A thoat is a large eight-legged Barsoomian animal, 'Barsoom' being the native name for the planet Mars in Edgar Rice Burrough's works. Burroughs starting writing Barsoom novels around 1912. I never read any, for the simple reason that there were no Barsoom books in translation around when I was at the right age to enjoy them. I did read his Tarzan books, though, and suppose that I would have read Barsoom novels with equal appetite. The reason Barsoom caught my attention after having ignored it so far, lies in the recent movie 'John Carter of Mars' (JCoM).
|Click to enlarge; copyright Michael Kutsche|
The wonderful image above is from the DeviantArt account of Michael Kutsche, who designed the thoat for JCoM; the thoat is the eight-legged beast, not the individual sitting on top. Have a look at how Kutsche approached the 'leg problem': where do you put eight legs without them looking odd, if not altogether ridiculous? Kutsche solved the problem by dividing the eight legs in front and hind groups. In build, the legs look a lot like those of a large mammal such as a rhinoceros or an elephant. In fact, the original hind and front legs were simply copied and pasted as close as possible to the original. Where there was one leg there are now two, moving in unison. Being so close together, that is all they can do, as otherwise they would knock into one another. This solution is very reminiscent of the large animals in Avatar, except for the fact that these had six legs, with just the front legs doubled. I criticised that arrangement in a previous post, thinking that it did not make much sense from a biological point of view. It felt it would be easy to learn how six-legged animals could or should move: after all, Earth is literally crawling with insects. For eight-legged creatures you can look at spiders or crabs.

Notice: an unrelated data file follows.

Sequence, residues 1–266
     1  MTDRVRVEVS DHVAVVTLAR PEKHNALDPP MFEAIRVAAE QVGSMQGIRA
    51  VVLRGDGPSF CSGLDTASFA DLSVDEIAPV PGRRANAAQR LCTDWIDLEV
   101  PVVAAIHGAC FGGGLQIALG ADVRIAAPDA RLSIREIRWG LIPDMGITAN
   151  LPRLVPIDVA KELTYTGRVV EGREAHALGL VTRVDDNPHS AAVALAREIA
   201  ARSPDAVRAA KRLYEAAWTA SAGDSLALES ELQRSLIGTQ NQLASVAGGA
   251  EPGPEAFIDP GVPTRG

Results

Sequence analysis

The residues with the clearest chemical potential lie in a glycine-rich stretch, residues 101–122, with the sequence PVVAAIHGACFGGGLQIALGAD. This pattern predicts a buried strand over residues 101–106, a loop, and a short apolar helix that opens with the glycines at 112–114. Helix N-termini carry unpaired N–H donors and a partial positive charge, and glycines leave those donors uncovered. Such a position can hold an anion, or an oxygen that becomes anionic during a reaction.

The video fragments above shows a few seconds of thoats walking in JCoM (sorry about the quality), illustrating the 'doubled leg design'. Bt the way, I wonder why the legs are so immensely thick. Their thickness looks about right for an athletic elephant-sized mammal on Earth with just four legs. But with eight legs, each leg can be more slender than if there are four (read here for posts on leg design, gravity and the number of legs). As it is, the animal looks as if it was designed for a planet with a very high gravity, not for Mars, where gravity is just 38% of that of Earth.